It should also be useful to note that these CRPD requirements to closely consult with and actively involve DPOs” also dovetail into the Public Sector Duty obligations of public bodies under the Irish Human Rights and Equality Commission Act (2014, S42).
2.1D3. Implications of Obligations towards DPOs.
The rights of DPOs, which are stated clearly in the CRPD and General Comment 7, and the Human Rights model of disability which those obligations underpin, signify a paradigm shift in terms of consultative practices by the Irish State regarding disability heretofore. The old habits of legacy, which prioritise, even subconsciously, the traditional brandname organisations of the disability industry, must now be ended, and be replaced with a far more concrete set of practices and commitments, rooted in international law, which put DPOs at the core of all matters that affect disabled people (which is almost everything).
Some of the practices no longer acceptable (or legal under international law) are:
- expecting that a disability service-provider can replicate a DPO (cf. ibid., para. 57).
- that visually impaired employees represent visually impaired people. Even if this person has a specific accessibility role, which is to be welcomed, they are not a DPO. Even worse, is the common practice of deferring to ‘John down in accounts, since he’s visually impaired, and he should know’, etc.
- that consultations regarding disability are something to be circumnavigated like some sort of obstacle. Instead, Universal Design is an obligation that is good for everyone, and may even be good for yourself, dear reader, as you grow older and find you are not able to do things that you used to do easily.
2.2. A Person-Centred and Flexible Approach.
‘Mainstreaming and ‘universal design’ do not mean that one size fits all, but rather, that a number of complementary means or modes of communication need to be built in to a system.
Consequently, service-providers need to be flexible and adaptable, as well as having a number of alternatives for service-users to choose from when accessing services or communications, or when the citizen is communicating themselves. Indeed, any individual user may require a combination of different communication formats, both in terms of receiving and transmitting communications.
Ultimately, the person-centred approach, which puts a person’s individual rights of access to services (including information and communication) above that of systemic norms, is necessary, and as such, listening to, respecting, and acting on an individual as to their preferences at any given time is essential.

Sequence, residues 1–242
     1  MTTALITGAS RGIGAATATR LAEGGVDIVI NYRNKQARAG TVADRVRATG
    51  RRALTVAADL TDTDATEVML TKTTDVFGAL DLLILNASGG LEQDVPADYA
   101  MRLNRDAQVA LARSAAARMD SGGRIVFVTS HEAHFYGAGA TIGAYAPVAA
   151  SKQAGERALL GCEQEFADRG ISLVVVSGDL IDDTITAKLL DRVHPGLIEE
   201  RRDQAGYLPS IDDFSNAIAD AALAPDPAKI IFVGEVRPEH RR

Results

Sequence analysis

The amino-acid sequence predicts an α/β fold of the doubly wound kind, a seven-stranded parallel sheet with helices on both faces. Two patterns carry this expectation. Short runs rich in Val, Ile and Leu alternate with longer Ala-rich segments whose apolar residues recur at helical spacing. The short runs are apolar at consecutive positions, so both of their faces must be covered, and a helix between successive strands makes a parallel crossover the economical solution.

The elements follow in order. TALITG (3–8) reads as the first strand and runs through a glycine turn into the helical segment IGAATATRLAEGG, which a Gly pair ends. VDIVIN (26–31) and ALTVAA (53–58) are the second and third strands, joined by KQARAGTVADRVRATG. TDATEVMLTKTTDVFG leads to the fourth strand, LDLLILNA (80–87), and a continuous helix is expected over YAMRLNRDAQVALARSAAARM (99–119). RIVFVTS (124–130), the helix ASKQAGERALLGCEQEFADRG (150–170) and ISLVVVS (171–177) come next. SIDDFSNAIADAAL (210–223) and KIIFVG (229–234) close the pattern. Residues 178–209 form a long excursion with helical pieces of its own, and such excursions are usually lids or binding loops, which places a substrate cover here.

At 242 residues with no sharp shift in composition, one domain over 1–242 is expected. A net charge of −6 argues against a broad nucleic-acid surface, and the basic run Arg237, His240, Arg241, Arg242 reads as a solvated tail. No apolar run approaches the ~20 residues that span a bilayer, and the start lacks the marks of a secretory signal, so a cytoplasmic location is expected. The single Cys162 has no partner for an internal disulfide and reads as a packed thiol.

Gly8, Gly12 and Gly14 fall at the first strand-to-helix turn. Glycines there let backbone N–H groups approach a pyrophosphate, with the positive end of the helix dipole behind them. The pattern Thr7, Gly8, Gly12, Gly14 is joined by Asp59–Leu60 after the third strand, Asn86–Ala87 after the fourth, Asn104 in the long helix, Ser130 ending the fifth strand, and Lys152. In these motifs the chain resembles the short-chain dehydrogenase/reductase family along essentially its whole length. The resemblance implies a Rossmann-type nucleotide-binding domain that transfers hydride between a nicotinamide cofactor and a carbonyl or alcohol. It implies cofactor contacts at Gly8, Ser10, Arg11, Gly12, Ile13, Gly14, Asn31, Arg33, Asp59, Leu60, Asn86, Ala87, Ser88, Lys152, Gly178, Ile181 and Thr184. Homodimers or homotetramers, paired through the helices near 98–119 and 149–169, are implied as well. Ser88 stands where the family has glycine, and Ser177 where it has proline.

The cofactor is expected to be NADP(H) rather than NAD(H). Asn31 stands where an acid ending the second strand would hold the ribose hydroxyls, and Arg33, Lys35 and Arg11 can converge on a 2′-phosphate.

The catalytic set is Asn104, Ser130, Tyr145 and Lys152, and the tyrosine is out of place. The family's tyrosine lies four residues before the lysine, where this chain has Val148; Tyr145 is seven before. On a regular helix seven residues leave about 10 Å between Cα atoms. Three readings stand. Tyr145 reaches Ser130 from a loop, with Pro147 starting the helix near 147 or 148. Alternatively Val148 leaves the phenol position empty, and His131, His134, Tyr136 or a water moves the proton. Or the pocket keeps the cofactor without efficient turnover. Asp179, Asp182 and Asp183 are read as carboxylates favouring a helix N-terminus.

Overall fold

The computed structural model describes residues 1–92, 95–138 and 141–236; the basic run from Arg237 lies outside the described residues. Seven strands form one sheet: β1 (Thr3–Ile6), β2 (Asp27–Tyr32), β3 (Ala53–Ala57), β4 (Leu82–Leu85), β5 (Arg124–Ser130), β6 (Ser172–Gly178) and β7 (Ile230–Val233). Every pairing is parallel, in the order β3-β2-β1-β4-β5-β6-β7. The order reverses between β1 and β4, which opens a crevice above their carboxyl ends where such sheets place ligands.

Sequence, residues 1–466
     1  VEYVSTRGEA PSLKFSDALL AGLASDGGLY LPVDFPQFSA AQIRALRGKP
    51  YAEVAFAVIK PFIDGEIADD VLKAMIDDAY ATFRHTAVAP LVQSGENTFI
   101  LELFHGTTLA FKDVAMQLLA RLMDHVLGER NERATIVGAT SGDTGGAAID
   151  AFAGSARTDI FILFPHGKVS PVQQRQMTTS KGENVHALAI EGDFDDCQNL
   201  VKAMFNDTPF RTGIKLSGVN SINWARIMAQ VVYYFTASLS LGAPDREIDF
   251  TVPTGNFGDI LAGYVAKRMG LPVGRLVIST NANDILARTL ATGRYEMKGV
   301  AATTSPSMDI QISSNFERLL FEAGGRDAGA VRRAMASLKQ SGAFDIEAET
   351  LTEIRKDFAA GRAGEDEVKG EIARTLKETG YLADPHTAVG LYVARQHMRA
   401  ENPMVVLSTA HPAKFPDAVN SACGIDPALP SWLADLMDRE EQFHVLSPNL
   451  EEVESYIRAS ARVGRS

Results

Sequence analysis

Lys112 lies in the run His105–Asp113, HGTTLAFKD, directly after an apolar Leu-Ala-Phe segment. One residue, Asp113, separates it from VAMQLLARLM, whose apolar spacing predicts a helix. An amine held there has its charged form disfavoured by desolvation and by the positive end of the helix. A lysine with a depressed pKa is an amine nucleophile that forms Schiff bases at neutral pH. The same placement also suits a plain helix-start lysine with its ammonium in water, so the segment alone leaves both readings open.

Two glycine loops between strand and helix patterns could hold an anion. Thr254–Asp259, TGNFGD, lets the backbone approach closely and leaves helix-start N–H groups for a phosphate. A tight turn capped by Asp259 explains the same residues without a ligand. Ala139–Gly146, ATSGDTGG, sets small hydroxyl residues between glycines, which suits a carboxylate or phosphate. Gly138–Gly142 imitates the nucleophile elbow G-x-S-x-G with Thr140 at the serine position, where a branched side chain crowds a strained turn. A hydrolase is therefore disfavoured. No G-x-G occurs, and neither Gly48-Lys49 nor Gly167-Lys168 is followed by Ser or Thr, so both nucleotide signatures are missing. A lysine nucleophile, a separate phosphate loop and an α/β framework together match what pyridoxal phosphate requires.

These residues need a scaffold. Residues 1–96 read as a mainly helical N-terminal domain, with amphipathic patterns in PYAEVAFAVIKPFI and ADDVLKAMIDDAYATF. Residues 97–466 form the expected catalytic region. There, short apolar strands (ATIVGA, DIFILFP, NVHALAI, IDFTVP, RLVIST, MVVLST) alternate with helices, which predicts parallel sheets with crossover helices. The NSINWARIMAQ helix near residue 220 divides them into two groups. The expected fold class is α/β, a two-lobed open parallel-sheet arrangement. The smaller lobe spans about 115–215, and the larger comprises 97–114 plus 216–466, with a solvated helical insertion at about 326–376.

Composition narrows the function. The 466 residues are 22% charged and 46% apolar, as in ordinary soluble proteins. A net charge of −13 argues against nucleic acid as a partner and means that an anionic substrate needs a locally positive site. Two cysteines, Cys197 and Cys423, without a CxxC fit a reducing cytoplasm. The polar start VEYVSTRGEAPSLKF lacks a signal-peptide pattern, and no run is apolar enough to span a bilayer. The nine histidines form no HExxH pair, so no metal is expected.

For example, regarding the provision of accessible documents by a service-provider, visually impaired people know their own requirements more than anyone else, and so they should not be offered alternatives to their stated preferences just because other formats are easier for that service provider.
This person-centred approach is complementary to a system that is designed to be robust and adaptable so that all preferred access styles, such as formats, are planned for, organised according to necessary high standards, and most importantly, be practically useable by the end user, rather than merely being nominally or officially accessible.
So, a good rule of thumb is that if a visually impaired person says that something is not accessible to them, then they, as the experts, are correct. The disabled person is not the problem: but rather, in such cases, the problem is invariably the system that produced the inaccessible document etc., and the obstacles identified are likely to affect far more people who just have not come forward. Being informed that a particular type of communication is inaccessible should be seen as an opportunity, and be taken seriously by the public body so that it can make its services fully accessible to all.
2.3. Information About and Assistance in Accessing Services.
2.3A. Access Officer.
S26 (2) of the Disability Act (2005) obliges all public bodies to have at least one “Access Officer” to ensure that all of their services are accessible.
Note that this is different and separate to the position of “Accessibility Officer” under the Health and Safety in the Workplace Act (2005), although mutual assistance and co-operation is advisable.
2.3A2. Dedicated, Fulltime Role.
The role of Access Officer should be fulltime, and Officers dedicated to this role: i.e., not combining this role with other functions.
2.3A3. Directly Contactable At All Times.
As recommended in s.i. 163 / 2006, there should be a direct line by service-users to the Access Officer, and this should be promoted, both among staff as well as being easily found by service-users. Front-of-house staff should always know who the Access Officer is, and be able to patch a call through, or if a caller prefers, have direct email details etc.